|Appears in Collections:||Faculty of Social Sciences Journal Articles|
|Peer Review Status:||Refereed|
|Title:||Mobilizing lifelong learning: governmentality in educational practices|
|Publisher:||Taylor & Francis (Routledge)|
|Citation:||Edwards R (2002) Mobilizing lifelong learning: governmentality in educational practices, Journal of Education Policy, 17 (3), pp. 353-365.|
|Abstract:||John Field (2000) has recently argued that there are changes taking place in the practices of governing that have significant implications for lifelong learning. In particular, he points to attempts to mobilize civil society, of which lifelong learning policies may be considered a part. This paper examines this proposition by locating Field's argument within wider debates about governmentality and the attempt to fashion calculating and enterprising selves. Drawing on actor-network theory, the paper then explores some of the ways in which changes in the curriculum associated with lifelong learning contribute to that process. In bringing together the discussion of lifelong learning, governmentality and actor-network theory, the paper provides a framing for researching the effects of policy and, more precisely, the differential ways in which active subjects are mobilized.|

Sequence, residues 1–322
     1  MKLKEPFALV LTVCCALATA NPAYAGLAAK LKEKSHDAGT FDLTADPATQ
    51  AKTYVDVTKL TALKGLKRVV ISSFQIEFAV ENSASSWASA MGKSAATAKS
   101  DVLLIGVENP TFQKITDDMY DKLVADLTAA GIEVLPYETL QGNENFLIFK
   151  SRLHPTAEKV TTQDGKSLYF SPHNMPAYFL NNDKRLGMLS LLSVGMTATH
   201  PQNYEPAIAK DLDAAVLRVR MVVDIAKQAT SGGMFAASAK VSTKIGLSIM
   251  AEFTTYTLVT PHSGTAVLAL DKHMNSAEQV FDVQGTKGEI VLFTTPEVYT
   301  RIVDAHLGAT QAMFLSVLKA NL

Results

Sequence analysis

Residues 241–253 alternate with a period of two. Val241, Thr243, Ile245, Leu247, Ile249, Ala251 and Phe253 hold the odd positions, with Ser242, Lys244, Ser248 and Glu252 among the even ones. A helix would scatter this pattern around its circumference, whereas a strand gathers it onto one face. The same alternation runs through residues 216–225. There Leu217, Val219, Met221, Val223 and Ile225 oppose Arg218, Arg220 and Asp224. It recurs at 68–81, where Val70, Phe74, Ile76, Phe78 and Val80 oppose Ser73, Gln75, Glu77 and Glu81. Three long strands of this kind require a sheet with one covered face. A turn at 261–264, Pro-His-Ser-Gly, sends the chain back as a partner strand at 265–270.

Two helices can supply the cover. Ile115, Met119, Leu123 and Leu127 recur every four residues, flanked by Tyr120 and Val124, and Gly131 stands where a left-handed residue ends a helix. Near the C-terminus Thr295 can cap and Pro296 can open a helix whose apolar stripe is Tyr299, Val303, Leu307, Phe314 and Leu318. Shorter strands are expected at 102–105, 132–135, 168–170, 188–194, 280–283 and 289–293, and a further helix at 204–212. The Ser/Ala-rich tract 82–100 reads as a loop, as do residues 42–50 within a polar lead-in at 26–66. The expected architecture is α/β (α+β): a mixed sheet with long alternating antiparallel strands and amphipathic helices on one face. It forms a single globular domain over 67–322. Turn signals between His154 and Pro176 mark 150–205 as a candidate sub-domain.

|Rights:||The publisher does not allow this work to be made publicly available in this Repository. Please use the Request a Copy feature at the foot of the Repository record to request a copy directly from the author. You can only request a copy if you wish to use this work for your own research or private study.|
|Affiliation:||School of Education|
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